More Straw Man Arguments, This Time by David Marshall

Christianity can only be defended by blind ignorance involving so many informal fallacies it can make one's head spin. Case in point today is David Marshall, a nice guy and budding scholar who has written a few books. I guess he was feeling left out since I have been highlighting these things with other Christian scholars. Now it's time to turn my attention to him. ;-)

When Christian apologists argue against us they are so blinded by their delusion they must argue against Straw Man versions of our arguments. You would think that someone who has read a lot of what I've written about the OTF wouldn't misread it so badly, but he did, when he said:
But the OTF asks us to adopt a perspective outside of Western culture.
Based on this false understanding he goes one to say
But all outside perspectives are also biased in different ways. It's a useful suggestion on John's part, but one shouldn't talk about an "outsider" perspective in the abstract, and then just ignore what's actually out there. For instance, John talks about the fact that almost everyone in Saudi Arabia is a Muslim. Yeah, well, if you convert, you might get drowned in your uncles swimming pool! Or tortured by the police! So generally, John can debunk Christianity all he likes; but when the talks about outside tests, we need to look outside.

He still doesn't get it and it cannot be my fault. The OTF is not asking a believer to step outside of his or her particular culture. This should be quite obvious unless he actually thinks that those of us who are no longer believers have entered into a different culture. We are still westerners because we were raised as westerners. The only thing we rejected were our culturally inherited religious beliefs. I submit to you that one can stay a westerner with the same values other westerners share, like using the English language, the love of family, a materialistic mentality, the importance of democracy, embracing the due process of a secular law, and so forth, and leave his or her faith behind. Ex-Christians who leave their faith are doing this on a daily basis.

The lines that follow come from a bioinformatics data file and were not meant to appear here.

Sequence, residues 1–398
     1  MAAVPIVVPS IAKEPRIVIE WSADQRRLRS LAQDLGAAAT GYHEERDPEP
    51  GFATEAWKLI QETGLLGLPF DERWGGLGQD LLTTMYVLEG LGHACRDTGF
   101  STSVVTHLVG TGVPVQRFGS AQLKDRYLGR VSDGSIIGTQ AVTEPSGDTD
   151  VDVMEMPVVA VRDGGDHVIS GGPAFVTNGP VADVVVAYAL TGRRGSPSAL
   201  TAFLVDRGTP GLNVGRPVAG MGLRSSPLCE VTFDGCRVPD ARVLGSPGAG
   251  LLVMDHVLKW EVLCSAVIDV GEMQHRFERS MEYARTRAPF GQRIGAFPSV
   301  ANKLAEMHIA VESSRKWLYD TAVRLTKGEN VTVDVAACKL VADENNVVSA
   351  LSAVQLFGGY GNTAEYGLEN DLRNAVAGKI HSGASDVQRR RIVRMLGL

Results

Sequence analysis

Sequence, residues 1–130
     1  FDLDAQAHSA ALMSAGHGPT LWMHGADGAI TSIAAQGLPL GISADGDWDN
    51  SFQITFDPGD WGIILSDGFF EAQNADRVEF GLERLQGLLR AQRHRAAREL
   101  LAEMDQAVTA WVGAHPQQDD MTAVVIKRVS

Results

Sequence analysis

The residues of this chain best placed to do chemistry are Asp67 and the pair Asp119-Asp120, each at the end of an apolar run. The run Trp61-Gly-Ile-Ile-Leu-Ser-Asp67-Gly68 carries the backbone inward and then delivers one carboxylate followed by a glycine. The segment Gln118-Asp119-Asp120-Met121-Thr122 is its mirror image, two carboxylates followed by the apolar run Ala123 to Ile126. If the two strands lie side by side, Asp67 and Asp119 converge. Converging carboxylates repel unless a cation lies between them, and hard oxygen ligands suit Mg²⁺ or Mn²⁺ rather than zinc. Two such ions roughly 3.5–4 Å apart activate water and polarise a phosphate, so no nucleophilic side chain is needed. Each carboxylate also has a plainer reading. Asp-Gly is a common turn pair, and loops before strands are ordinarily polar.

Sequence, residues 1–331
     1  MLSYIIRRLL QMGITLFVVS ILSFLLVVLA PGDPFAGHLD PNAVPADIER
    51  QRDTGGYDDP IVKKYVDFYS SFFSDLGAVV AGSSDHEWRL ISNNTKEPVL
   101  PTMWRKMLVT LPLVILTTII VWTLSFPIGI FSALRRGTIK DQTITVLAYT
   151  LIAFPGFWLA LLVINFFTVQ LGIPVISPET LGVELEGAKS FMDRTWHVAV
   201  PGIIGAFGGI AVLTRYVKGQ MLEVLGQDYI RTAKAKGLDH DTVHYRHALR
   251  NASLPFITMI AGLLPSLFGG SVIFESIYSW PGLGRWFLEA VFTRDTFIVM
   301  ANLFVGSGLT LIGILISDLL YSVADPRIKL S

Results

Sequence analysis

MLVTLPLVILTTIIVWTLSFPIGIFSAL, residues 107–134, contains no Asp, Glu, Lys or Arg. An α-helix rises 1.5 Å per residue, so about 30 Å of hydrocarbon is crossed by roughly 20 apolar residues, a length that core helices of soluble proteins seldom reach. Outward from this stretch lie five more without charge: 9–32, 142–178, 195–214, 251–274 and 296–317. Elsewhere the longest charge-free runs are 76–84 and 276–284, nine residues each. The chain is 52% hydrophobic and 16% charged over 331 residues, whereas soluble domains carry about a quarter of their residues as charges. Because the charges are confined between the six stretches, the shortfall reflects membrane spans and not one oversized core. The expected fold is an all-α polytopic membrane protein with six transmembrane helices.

The OTF merely asks believers to examine their own religious faith with the same standard used when examining the other faiths they reject.

So it is false, utterly false, to suggest that Muslims inside a totalitarian state with a thought police that punishes thought crimes is a relevant criticism of the OTF. Just because it is politically impossible to declare oneself a non-believer in one of these cultures does not render the OTF false or minimize the need for it. He's surely right that it would make it very difficult, but he's merely pointing to political realities as if they have a bearing on epistemological ones. They don't, not at all, not a chance.